Anthocleista grandiflora is a striking tree with a tall straight trunk topped with a crown of huge leaves. It needs a warm, sunny garden with plenty of water and protection from frost and cold winds.
Anthocleista grandiflora is a medium to tall evergreen tree, 5–35 m tall, with a slender, straight, smooth, light grey or brown trunk, branching high up the trunk. Trees have long bare branches arching upward with leaves densely clustered at the ends, forming a rounded, spreading crown. It has very large, stiff, leathery simple leaves 150–700 mm long and 70–250 mm wide on average, with some leaves up to 1.35 m long and 0.5 m wide. The largest leaves are found on young trees or on low-level branches. The leaves are paddle-shaped; oblong, broader in the upper half and narrowing towards the base. They are the largest simple leaves of any tree in southern Africa. The specimens in Kirstenbosch National Botanical Garden drop a steady supply of giant yellowed leaves throughout the year, and some become playthings for visiting children.
Flowers are fragrant, creamy-white with a green tube, turning yellow then brown with age, in branched terminal clusters. The corolla tube is up to 35 mm long, with 8–13 narrow spreading petals. A crown-like ring of joined stamens at the mouth of the corolla tube surrounds the fleshy green rounded stigma. The fruit is a fleshy, smooth, oval to egg-shaped, green berry, soft and yellowish brown when mature, up to 30 mm long, containing many small dark brown seeds. In habitat, trees flower in spring–summer (from September to January) and fruit from late summer into winter (January to June). The Kirstenbosch trees continue flowering into autumn (March–April). The flowers are attractive and sweetly scented, but are not noticed because they are so high up. They can be appreciated at Kirstenbosch thanks to the 80 year old tree in the Dell (planted in 1934) that has low-hanging branches on its southeastern side that bring them almost within our reach. This tree produces fruits but does not seed itself in the Garden, whereas the trees in the Lowveld National Botanical Garden in Nelspruit do. The reason for this lack of seedlings has not been explored.
Red Listed as Least Concern, Anthocleista grandiflora is not threatened.
Distribution and habitat
Anthocleista grandiflora occurs in forest and along forest margins, in kloofs, beside densely wooded streams, in patches of relict forest on hillsides and in open swampy places, in tropical and subtropical areas in East Africa, from Uganda and Kenya southwards to Zimbabwe, Mozambique, Swaziland, and South Africa where it is found in Limpopo and Mpumalanga. It also occurs in the Comore Islands and Zanzibar. It is common in medium to low altitude forest in mountainous regions with high rainfall, from sea level to 2 300 m altitude.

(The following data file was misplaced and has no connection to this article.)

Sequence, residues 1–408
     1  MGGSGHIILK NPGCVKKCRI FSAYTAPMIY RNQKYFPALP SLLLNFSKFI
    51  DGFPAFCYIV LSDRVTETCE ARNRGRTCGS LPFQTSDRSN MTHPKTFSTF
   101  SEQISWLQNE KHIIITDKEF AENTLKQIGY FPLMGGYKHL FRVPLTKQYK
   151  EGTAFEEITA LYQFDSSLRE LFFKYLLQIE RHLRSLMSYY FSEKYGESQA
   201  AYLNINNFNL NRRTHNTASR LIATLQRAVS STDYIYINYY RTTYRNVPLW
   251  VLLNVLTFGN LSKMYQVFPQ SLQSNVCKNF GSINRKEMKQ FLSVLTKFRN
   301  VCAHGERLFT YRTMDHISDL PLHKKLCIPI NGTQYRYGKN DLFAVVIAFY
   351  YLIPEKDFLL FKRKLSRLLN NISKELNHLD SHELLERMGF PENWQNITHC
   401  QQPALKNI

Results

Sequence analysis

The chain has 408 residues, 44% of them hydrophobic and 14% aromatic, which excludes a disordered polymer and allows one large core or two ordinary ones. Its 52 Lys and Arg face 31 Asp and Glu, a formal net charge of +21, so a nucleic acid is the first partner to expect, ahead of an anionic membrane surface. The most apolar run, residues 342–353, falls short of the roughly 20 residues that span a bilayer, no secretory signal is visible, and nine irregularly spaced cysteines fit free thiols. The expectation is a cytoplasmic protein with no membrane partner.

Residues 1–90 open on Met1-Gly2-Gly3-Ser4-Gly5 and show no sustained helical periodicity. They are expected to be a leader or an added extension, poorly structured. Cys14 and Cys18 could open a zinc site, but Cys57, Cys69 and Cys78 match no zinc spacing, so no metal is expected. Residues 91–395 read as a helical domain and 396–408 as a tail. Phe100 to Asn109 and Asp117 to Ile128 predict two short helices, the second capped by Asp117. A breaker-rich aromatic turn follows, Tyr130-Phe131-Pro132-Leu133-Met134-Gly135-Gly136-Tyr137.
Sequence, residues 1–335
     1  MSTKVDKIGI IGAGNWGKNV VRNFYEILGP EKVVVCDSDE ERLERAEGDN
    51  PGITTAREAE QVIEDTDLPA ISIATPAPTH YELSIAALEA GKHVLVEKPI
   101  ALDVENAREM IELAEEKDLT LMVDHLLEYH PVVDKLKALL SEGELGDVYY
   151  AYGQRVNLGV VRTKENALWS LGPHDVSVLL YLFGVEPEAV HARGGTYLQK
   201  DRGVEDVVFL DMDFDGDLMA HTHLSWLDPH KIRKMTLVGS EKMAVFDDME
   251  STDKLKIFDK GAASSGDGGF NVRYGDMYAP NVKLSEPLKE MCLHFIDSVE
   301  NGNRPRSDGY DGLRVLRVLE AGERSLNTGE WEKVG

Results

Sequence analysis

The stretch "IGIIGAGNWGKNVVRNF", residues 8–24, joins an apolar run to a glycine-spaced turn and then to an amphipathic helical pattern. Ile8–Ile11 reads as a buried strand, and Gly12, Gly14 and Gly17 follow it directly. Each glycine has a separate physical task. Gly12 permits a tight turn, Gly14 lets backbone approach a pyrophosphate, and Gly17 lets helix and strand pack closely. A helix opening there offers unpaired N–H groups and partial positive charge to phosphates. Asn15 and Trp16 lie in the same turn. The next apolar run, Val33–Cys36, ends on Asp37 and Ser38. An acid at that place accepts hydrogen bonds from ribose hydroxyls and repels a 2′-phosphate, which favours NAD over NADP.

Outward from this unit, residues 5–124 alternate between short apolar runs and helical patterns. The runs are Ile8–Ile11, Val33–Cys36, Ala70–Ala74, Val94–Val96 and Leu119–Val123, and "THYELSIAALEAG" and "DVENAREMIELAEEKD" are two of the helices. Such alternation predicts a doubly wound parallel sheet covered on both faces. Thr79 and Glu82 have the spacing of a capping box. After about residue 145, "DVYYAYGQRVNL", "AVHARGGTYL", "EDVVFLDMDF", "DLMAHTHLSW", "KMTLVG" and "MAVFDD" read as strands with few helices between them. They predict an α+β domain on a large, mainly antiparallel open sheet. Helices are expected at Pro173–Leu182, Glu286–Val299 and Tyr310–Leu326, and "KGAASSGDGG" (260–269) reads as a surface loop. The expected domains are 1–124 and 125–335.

Derivation of name and historical aspects
The name Anthocleista is derived from the Greek anthos, meaning flower, and cleistos, meaning closed or shut up. This could refer to how the stamens with their joined filaments form a ring around the mouth of the corolla tube, closing it off, or it could refer to the fact that only a few flowers of the inflorescence are open at any time, so most of the flowers are still closed buds. The specific epithet, grandiflora means large flowered, from the Latin grandis, meaning large, and floreo, to flower.
This species is called fever tree on account of it being used to treat malaria. Its other common names namely big leaf is self-explanatory, cabbage tree refers to how the clusters of large leaves at branch ends resemble a cabbage head, and tobacco tree refers to the superficial resemblance of the leaves to those of tobacco plants ( Nicotiana tabacum ).
The genus Anthocleista is a small genus of about 15 species of trees found mostly in tropical Africa, Madagascar and the Mascarene Islands. Anthocleista grandiflora is the only species found in southern Africa.
In its natural habitat elephants eat the leaves and branches, birds, monkeys and fruit bats eat the fruits and bushpig eat the fruits that fall. Many different insects are attracted by the flowers, and many insect-eating birds are, in turn, attracted by these insects.
Uses and cultural aspects
In South Africa the tree is valued for its medicinal properties. The leaves and bark are used to brew a tea to treat malaria, and bark is chewed to treat diarrhoea, and used to treat diabetes, high blood pressure and venereal disease. In the Congo the leaf and leaf ash is used to treat wounds of teats. In Tanzania leaves are used to treat malaria and roots to treat diarrhoea.
The bark is used to treat epilepsy in Zimbabwe, and to treat diarrhoea, fever and hepatitis in Madagascar. The leaves are used as a tonic, but are laxative in large doses. The smoke of burning bark is inhaled to dispel bad spirits, and pieces of root are braided into the hair as a lucky charm. In vitro tests have shown leaf extract to have significant anti-bacterial activity against Staphylococcus aureus, Pseudomonas aeruginosa and Bacillus subtilis , but show no significant anti-malaria activity.